Overhead cranes are large structures that are composed of smaller parts that all work together in perfect coordination. The trolley, bridge, cab, and control house are all parts of an overhead crane that make up these great machines. Today, our Piece by Piece series is breaking down the crane’s bridge.
If you haven’t already, review Piece by Piece: Overhead Cranes Explained to get a bigger picture of overhead cranes and an overview of the parts of an overhead crane.
A Bridge Defined
A bridge is the main structure of an overhead bridge crane. It supports the trolley and load by spanning the width and moves the length of the building, providing the second horizontal motion of an overhead crane.
The layout of a bridge remains consistent across most overhead cranes.
Bridge Crane Components
- End Tie
- Wheel Equalizer Arrangements (Yokes, Trucks, Wheel Assemblies)
- Festoon/Power Track
- Mains Cage
The girder is a welded box structure that holds the rail on which the trolley rides. Bridge cranes will commonly feature two girders connected by an end tie. The girders also consist of a notch in each corner where the wheel equalizer arrangements are connected.
The type of girder is decided by what the expected load and environment will be.
Types of girders:
- Conventional: rail centered over girder section
- Torsion: rail off-set usually over the inner web of girder section
- Walk-in: typically a torsion with cutouts that allow people to walk through while also housing the electronics
An end tie on an overhead bridge crane is a welded structure at the ends of the girders. End ties are typically bolted to the girders. The purpose of the end ties is to maintain the squareness of the crane’s bridge and ensure the crane does not skew as it travels down the runway. This component also houses electrical wiring that connects the controls to the festoon/power track.
Wheel Equalizer Arrangements
Located in each corner of the bridge is a wheel equalizer arrangement. This arrangement consists of yokes, trucks, and wheel assemblies. This combination is responsible for bearing the weight of the crane and the lifted load uniformly to the building rail.
When the weight and capacity of the crane become very high, yokes are connected to the ends of the girders at the notch. The yokes are a bridge crane part that allows for multiple trucks and in turn, hold more wheel assemblies.
Trucks hold two wheel assemblies. It is not necessary to always have yokes. In lighter cranes, the truck can be connected directly to the girder notch whereas, for heavier cranes, the truck can be connected to the yoke.
Housed by the frame, the wheel assemblies enable the bridge’s horizontal movement along the building rails. Typically, overhead bridge cranes are equipped with four, eight, twelve, sixteen, twenty-four, or thirty-two wheels. However, there can be any number of pairs of wheels on a bridge that come in different configurations. A minimum of one-fourth of the total number of wheels are to be driver wheel assemblies while the remaining sets are idler wheel assemblies. The driver wheel assemblies are divided equally along the sides of the crane to prevent skewing of the bridge.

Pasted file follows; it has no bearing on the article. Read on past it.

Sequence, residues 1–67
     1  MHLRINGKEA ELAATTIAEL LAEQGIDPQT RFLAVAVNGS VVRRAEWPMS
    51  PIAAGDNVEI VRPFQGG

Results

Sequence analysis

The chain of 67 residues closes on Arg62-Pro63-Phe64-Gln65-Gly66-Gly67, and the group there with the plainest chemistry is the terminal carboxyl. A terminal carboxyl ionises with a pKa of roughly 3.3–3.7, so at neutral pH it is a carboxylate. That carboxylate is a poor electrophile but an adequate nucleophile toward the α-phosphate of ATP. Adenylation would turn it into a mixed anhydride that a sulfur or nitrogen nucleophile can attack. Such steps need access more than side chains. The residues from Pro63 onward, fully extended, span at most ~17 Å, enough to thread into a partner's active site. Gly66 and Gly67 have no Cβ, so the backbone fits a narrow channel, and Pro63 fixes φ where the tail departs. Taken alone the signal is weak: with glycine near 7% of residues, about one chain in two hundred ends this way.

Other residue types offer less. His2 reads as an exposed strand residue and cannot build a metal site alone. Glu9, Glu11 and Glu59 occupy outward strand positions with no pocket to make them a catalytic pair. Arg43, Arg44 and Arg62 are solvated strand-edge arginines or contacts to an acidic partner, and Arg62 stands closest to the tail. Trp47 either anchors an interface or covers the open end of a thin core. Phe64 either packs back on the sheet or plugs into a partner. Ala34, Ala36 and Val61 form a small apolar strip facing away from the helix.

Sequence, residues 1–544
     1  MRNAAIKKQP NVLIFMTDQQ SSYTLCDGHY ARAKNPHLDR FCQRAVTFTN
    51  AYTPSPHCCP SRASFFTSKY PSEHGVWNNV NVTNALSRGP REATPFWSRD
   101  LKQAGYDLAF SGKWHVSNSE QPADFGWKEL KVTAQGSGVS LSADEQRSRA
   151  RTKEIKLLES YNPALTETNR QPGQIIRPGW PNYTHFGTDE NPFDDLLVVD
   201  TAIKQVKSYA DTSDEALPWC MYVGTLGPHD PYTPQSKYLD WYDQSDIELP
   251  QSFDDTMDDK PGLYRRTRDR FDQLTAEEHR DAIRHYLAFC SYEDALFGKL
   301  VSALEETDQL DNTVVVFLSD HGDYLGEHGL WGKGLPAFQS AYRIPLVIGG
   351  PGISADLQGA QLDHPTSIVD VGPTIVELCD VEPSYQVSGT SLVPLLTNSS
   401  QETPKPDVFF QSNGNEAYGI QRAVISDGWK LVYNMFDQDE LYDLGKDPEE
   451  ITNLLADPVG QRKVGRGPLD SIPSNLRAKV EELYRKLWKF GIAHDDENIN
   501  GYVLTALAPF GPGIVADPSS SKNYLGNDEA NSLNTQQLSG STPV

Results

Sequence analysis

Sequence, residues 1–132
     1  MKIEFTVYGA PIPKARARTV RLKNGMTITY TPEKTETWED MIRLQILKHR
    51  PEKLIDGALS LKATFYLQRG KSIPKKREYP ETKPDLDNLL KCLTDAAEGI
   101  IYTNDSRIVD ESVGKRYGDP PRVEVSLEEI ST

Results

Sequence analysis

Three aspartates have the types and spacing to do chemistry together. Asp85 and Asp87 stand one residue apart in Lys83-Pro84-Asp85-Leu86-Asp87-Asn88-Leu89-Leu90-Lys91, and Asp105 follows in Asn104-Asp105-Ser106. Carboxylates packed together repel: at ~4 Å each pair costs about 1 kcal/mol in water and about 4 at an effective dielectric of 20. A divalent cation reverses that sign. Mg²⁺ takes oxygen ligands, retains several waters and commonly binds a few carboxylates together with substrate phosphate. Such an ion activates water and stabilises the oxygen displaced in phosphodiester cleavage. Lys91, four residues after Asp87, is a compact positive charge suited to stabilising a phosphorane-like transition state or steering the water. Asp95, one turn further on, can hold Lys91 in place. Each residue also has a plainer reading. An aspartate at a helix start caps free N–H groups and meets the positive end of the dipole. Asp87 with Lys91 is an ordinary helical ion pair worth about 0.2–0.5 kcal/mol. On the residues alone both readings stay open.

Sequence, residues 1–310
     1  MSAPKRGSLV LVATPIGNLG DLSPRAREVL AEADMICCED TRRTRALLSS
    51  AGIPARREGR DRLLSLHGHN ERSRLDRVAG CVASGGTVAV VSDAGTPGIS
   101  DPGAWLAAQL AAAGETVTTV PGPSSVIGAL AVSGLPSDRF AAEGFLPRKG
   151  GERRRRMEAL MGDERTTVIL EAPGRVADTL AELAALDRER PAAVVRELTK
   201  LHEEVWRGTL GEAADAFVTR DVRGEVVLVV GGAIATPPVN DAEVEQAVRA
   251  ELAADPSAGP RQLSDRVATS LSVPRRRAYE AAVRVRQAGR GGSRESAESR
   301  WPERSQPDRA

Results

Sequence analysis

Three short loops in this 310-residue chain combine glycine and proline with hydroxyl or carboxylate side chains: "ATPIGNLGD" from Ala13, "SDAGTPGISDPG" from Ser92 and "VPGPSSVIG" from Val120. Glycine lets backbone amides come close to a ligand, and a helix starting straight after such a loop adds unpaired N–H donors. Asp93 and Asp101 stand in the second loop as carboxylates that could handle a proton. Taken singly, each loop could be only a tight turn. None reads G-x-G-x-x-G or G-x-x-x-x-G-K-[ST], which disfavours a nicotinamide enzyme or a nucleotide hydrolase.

A very important feature of a bridge crane are the bumpers, which are typically at each corner of the bridge. This part of the overhead crane serves to absorb energy caused by impacts as a crane reaches the end of its permitted travel distance. Bumpers can also be seen at the end of the trolley’s rail on top of the bridge. Depending on the circumstances, the bumpers are hydraulic, spring, or rubber material. These help to prevent devasting crane collisions and building damage.
Footwalks give crane operators and maintenance technicians access to critical crane components that require frequent service and inspections. It also provides support to the festoon/power track, control house or control cabinet, and other equipment.
Festoon vs. Power Track
In general, a festoon or power track is used to provide a flexible power connection from the bridge control to the trolley.
Both systems are used to provide power to the trolley and allow it to pull the wiring with it as it moves across the bridge. Festoons are simpler to maintain but require a larger vertical footprint. Comparatively, power tracks are more compact and usually provide space for more equipment or stairs versus ladder access.
The mains cage is located near the control house and provides maintenance access to the collectors, which are sliding conductors to supply power from the building onto the crane.
How a Bridge is Designed
When engineers sit down to design a new overhead crane’s bridge, they follow certain patterns. It is vital to know what space the bridge crane system will be housed in. The constraints of space will affect the layout.
Morgan cranes utilize a robust design that is meant to last for years. Though these cranes will be made for the needs a customer outlines now, our overhead bridge cranes can be used to accommodate unforeseen jobs customers will need to accomplish in the future.
Customize a Crane for Your Company
Now that you have learned the seven main components of a crane’s bridge: girders, end tie wheel equalizer arrangements, bumpers, footwalks, festoon/power track, and mains cage, make sure to follow along on Facebook, Instagram, and LinkedIn as we tackle the next two parts of an overhead crane in our upcoming Piece by Piece series.
Ready to elevate your lifting capabilities to new heights? Contact us to discuss how Morgan, an industry-leading bridge crane manufacturer, can custom engineer a crane solution that perfectly suits your unique needs.